The starting point in developing a Strategic Demand Marketing Plan is what we refer to at ANNUITAS as ‘context analysis.’ Specifically, developing those insights that we need to understand the customer journey and shape our go-to-market around this journey.
We also need to differentiate these insights. Many organizations believe they know their buyer well. They have built personas and they have detailed product marketing plans. All of this documentation describes how the customer interacts with the product or service, but it fails to document how the customer buys, what content they consume as they conduct research, and what frictions your marketing and sales interactions need to overcome to better align with the customer’s pre-sale needs. These are the insights we need to underpin strategic demand marketing. (As a resource, check out “8 Deeper Questions to Ask to Understand Your Buyer.”)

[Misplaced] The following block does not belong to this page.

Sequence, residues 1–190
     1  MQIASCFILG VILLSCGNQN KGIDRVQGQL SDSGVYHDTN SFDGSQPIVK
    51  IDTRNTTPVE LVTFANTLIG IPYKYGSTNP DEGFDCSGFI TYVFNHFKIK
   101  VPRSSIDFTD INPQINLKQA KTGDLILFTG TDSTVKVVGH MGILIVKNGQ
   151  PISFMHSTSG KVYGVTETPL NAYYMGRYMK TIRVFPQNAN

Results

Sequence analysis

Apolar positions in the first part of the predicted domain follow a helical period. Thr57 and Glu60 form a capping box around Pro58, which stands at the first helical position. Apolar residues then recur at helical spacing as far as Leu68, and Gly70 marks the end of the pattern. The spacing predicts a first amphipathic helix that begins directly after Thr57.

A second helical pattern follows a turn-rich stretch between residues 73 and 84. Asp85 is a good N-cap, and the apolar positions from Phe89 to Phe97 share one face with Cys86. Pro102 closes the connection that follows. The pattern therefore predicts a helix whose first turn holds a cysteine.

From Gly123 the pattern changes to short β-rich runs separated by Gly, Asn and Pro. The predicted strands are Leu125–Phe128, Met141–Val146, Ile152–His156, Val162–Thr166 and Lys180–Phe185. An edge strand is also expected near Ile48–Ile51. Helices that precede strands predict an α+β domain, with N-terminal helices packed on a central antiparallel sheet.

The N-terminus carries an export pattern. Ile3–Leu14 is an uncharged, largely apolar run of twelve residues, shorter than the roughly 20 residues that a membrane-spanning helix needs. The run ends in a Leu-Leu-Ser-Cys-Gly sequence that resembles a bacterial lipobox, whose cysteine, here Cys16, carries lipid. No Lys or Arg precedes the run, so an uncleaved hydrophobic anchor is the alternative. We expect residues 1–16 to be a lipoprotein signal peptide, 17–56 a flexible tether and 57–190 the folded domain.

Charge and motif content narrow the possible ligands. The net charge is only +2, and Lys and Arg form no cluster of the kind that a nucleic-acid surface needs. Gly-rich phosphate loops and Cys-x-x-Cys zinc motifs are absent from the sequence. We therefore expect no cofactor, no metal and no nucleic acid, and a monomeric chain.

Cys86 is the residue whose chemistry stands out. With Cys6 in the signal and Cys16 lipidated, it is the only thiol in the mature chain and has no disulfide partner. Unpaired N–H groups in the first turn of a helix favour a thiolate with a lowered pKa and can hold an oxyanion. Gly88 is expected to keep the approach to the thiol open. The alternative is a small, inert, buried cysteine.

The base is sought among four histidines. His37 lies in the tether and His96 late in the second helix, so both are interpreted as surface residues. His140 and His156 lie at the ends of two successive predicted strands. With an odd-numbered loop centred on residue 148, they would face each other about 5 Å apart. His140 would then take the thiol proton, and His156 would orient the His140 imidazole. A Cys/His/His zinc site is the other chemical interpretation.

Our insight phase thus focuses on six areas:
1. Macro trends: This is where we define the major marketplace factors that are driving customer needs. This is a critical element of understanding the chain between marketplace stimulus, pain points and subsequent buyer actions.
2. Buyer pain points: We look into the specific motivators that drive the front end of the customer’s buying processes. These are ‘catalysts’ that drive initial buyer actions and should be aligned to the content and channels where we begin buyer dialogue. We also dig into the differential motivators among stakeholders within the buying cohort.